standard. The final version may differ, but major features likely to
stay unchanged.
 XQuery is derived from the Quilt query language, which itself borrows
from SQL, XQL and XML-QL
 XQuery uses a
for … let … where … order by …result …
syntax
for
 SQL from
where  SQL where
order by  SQL order by
result  SQL select
let allows temporary variables, and has no equivalent in SQL
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FLWOR Syntax in XQuery
 For clause uses XPath expressions, and variable in for clause ranges over
values in the set returned by XPath
 Simple FLWOR expression in XQuery

find all accounts with balance > 400, with each result enclosed in an
<account_number> .. </account_number> tag
for
$x in /bank-2/account
let
$acctno := [email protected]_number
where $x/balance > 400
return <account_number> { $acctno } </account_number>

Items in the return clause are XML text unless enclosed in {}, in which
case they are evaluated
 Let clause not really needed in this query, and selection can be done In
XPath. Query can be written as:
for $x in /bank-2/account[balance>400]
return <account_number> { [email protected]_number }
</account_number>
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Joins
 Joins are specified in a manner very similar to SQL
for $a in /bank/account,
$c in /bank/customer,
$d in /bank/depositor
where $a/account_number = $d/account_number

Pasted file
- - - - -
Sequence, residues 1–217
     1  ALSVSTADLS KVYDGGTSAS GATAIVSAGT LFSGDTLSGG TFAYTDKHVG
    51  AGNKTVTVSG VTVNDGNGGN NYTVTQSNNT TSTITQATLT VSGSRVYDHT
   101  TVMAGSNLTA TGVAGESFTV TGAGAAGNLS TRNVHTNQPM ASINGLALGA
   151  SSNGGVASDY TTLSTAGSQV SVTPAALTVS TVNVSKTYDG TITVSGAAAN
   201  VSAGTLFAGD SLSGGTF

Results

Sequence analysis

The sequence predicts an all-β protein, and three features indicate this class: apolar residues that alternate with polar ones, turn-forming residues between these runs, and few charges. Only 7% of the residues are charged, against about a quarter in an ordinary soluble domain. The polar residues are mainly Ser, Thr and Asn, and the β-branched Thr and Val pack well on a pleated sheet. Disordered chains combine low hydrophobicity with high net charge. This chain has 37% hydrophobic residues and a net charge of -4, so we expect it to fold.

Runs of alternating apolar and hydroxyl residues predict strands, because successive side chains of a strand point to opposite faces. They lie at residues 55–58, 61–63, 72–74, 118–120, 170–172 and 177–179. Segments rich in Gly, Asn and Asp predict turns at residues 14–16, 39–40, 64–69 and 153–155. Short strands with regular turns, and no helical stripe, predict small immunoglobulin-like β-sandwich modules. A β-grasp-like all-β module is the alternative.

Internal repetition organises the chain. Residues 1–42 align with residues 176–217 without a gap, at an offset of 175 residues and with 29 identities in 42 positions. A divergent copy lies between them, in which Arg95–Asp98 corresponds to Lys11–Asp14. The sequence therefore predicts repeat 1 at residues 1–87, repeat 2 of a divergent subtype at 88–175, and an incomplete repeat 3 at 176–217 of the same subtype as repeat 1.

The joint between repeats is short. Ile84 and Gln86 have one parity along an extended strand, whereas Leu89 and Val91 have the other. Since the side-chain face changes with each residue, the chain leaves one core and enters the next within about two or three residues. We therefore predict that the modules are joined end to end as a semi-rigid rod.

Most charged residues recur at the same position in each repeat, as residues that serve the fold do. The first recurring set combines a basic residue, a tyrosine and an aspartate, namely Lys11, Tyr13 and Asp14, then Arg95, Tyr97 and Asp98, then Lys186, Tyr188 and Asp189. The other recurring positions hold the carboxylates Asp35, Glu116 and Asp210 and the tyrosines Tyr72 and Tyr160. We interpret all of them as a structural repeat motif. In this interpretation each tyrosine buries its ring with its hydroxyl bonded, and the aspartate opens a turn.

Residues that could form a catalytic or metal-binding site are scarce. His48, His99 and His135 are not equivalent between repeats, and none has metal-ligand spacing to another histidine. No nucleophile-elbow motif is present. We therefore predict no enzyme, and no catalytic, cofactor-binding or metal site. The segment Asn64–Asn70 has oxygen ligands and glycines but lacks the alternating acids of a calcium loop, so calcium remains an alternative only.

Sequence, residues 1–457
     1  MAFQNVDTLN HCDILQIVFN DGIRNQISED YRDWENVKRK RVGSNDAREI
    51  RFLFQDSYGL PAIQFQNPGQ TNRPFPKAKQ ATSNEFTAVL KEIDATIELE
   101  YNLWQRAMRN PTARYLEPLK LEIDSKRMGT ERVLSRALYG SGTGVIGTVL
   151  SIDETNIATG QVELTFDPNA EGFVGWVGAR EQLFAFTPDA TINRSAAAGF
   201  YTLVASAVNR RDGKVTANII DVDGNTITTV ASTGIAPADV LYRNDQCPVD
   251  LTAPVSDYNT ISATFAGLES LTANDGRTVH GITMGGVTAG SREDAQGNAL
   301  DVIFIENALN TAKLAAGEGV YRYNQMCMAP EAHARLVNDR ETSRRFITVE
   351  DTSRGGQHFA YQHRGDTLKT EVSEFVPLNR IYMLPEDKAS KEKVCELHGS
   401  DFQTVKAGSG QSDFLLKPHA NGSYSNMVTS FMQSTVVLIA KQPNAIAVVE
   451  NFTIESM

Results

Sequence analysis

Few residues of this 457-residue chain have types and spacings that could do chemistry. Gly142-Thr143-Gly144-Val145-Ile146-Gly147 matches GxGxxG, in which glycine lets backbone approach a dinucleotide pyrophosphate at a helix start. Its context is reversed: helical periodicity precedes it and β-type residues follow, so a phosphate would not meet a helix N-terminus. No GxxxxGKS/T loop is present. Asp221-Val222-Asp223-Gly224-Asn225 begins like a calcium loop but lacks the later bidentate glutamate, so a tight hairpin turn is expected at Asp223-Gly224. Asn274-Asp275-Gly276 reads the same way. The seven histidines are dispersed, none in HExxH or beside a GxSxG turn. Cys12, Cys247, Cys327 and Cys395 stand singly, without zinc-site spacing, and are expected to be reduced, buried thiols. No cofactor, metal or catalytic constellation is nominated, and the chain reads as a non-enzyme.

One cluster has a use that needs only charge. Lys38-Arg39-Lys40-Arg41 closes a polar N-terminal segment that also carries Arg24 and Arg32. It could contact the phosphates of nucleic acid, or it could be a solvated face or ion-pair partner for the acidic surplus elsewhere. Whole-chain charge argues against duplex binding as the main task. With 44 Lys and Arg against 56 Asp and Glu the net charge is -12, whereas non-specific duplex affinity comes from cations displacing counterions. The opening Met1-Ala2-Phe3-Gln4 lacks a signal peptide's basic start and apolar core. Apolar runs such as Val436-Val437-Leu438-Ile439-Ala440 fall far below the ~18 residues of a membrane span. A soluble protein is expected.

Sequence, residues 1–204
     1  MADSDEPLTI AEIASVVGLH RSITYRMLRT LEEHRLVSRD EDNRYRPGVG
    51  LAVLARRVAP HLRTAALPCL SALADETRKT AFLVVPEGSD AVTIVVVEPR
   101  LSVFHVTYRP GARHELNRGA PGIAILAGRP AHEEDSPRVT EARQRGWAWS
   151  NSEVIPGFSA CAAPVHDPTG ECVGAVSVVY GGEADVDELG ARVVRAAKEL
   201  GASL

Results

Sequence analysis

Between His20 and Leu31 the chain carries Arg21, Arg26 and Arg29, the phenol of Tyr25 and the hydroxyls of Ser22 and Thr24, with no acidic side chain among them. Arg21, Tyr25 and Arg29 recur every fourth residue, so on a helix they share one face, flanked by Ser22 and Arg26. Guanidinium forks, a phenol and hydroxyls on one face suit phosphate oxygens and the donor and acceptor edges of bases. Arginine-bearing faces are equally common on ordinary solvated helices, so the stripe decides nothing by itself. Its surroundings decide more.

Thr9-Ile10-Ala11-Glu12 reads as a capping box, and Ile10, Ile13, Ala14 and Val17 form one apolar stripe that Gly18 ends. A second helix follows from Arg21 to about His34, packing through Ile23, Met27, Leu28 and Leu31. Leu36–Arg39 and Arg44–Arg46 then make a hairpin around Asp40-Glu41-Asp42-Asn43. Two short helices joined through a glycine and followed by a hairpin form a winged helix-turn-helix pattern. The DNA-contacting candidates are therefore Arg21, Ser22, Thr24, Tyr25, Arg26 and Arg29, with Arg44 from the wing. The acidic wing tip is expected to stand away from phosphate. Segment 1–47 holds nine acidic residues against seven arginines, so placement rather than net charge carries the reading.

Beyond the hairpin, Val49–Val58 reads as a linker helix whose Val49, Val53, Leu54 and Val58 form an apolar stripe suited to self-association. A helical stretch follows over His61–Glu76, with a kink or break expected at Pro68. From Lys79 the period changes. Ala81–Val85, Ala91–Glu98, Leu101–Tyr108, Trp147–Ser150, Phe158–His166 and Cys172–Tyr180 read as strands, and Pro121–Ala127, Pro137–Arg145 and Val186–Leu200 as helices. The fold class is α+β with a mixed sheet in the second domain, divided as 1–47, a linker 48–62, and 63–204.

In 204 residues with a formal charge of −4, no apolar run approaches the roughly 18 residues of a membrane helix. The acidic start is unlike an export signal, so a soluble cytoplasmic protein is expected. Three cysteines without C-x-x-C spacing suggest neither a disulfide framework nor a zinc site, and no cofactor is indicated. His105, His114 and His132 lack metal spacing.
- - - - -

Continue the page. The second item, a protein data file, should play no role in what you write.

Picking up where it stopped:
and $c/customer_name = $d/customer_name
return <cust_acct> { $c $a } </cust_acct>
 The same query can be expressed with the selections specified as
XPath selections:
for $a in /bank/account
$c in /bank/customer
$d in /bank/depositor[
account_number = $a/account_number and
customer_name = $c/customer_name]
return <cust_acct> { $c $a } </cust_acct>
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Nested Queries
 The following query converts data from the flat structure for bank
information into the nested structure used in bank-1
<bank-1> {
for $c in /bank/customer
return
<customer>
{ $c/* }
{ for $d in /bank/depositor[customer_name = $c/customer_name],
$a in /bank/account[account_number=$d/account_number]
return $a }
</customer>
} </bank-1>
 $c/* denotes all the children of the node to which $c is bound, without the
enclosing top-level tag
 $c/text() gives text content of an element without any subelements / tags